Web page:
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Genetics and Molecular Biology

Print version ISSN 1415-4757

Genet. Mol. Biol. vol.38 no.1 Ribeirão Preto Jan./Mar. 2015

http://dx.doi.org/10.1590/S1415-475738120140162 

Mutagenesis

Genotoxic potential of the latex from cotton-leaf physicnut (Jatropha gossypiifolia L.)

Pedro Marcos de Almeida 1   2  

Silvany de Sousa Araújo 1  

Maria Aparecida Marin-Morales 3  

Ana Maria Benko-Iseppon 1  

Ana Christina Brasileiro-Vidal 1  

1Laboratório de Genética e Biotecnologia Vegetal, Departamento de Genética, Universidade Federal de Pernambuco, Recife, PE, Brazil.

2Laboratório de Genética, Departamento de Saúde, Universidade Estadual do Piauí, Teresina, PI, Brazil.

3Laboratório de Mutagênese, Departamento de Biologia, Universidade Estadual Paulista “Júlio de Mesquita Filho”, Campus de Rio Claro, Rio Claro, SP, Brazil.


ABSTRACT

Jatropha gossypiifolia L. (Euphorbiaceae), popularly known as cotton-leaf physicnut, is a milky shrub notable for its medicinal properties. The present study aimed to evaluate the toxic, cytotoxic and genotoxic effects of the latex of J. gossypiifolia, using Allium cepa L. as test system. Seeds of A. cepa were exposed to five concentrations of the latex (1.25; 2.5; 5; 10 and 20 mL/L) in order to evaluate parameters of toxicity (evaluation of root growth), cytotoxicity (mitotic index frequency) and genotoxicity (frequency of chromosome alterations). The latex showed a significant decrease in root mean growth value as well as mitotic index for the tested concentrations, except for 1.25 mL/L, when compared to results from the negative control. The 1.25, 2.5 and 5 mL/L concentrations induced significant chromo-some adherences, C-metaphases and/or chromosome bridges, as genotoxic effects. The significant frequency of chromosome bridges also indicated mutagenic potential for chromosomes of J. gossypiifolia as discussed in the paper. Considering that the latex is used in popular therapies, and that the test system A. cepa presents good correlation with tests carried out in mammals, it can be pointed out that its use for medicinal purposes may be harmful to human health especially if ingested.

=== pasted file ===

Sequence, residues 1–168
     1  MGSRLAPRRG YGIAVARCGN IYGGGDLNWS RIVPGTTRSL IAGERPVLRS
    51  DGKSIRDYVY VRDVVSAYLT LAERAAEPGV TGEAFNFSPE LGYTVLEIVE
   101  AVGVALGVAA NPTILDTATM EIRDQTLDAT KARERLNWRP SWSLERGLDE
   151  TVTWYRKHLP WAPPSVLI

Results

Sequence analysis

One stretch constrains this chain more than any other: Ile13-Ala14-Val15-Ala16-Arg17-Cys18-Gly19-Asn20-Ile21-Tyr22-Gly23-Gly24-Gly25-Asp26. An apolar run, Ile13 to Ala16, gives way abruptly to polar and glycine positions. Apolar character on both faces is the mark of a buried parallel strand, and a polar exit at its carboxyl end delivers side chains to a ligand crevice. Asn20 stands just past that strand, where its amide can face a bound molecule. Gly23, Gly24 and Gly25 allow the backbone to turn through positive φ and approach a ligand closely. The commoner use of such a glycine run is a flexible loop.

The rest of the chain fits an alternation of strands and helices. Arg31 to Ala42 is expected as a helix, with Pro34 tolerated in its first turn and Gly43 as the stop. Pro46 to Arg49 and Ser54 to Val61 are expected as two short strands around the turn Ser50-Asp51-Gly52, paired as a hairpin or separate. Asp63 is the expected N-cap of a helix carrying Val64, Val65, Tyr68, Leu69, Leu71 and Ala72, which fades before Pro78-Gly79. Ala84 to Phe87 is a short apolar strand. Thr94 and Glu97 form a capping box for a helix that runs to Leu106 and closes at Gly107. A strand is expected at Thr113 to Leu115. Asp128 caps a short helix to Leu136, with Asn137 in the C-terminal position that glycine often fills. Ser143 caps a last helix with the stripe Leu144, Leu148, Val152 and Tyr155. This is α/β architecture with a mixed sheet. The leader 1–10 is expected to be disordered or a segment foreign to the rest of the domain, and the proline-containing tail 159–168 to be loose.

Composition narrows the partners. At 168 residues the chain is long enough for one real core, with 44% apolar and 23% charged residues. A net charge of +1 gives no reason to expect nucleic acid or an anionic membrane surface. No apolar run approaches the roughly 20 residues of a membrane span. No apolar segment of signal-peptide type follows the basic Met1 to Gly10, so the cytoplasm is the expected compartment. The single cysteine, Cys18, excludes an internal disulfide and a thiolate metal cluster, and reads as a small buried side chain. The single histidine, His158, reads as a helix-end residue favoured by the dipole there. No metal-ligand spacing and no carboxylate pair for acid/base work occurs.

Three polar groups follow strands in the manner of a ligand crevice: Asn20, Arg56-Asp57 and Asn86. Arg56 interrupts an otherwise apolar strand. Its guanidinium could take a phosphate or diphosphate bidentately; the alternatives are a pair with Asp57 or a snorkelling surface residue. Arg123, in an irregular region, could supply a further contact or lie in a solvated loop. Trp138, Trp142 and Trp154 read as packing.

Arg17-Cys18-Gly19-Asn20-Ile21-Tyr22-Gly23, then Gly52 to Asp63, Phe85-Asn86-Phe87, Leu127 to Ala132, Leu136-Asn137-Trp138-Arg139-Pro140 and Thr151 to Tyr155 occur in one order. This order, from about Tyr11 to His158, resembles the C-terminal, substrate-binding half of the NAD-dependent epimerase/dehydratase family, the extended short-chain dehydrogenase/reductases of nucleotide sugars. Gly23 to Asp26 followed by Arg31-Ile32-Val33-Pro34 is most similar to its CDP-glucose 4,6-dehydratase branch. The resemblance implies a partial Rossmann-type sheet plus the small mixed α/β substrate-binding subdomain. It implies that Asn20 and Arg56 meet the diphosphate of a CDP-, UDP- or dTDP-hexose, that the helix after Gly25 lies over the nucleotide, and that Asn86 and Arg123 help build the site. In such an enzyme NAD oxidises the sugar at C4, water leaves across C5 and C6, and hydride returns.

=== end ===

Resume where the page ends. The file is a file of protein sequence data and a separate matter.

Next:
Key words: Allium cepa test; medicinal plant; plant latex; genotoxicity evaluation

Introduction

For thousands of years, several plants have been used in popular medicine. Despite being considered the main source of antimutagenics and antioxidants (Çelik and Aslantürk, 2010) some of their phytochemicals may cause adverse reactions or have potential of interacting with other medications, generating toxic, cytotoxic, mutagenic and genotoxic effects (Pawlowski et al., 2012; Ping et al., 2012; Ray et al., 2013). However, for many of them there is little information available regarding the potential health risks at short, mid- or long term (Nunes et al., 2012).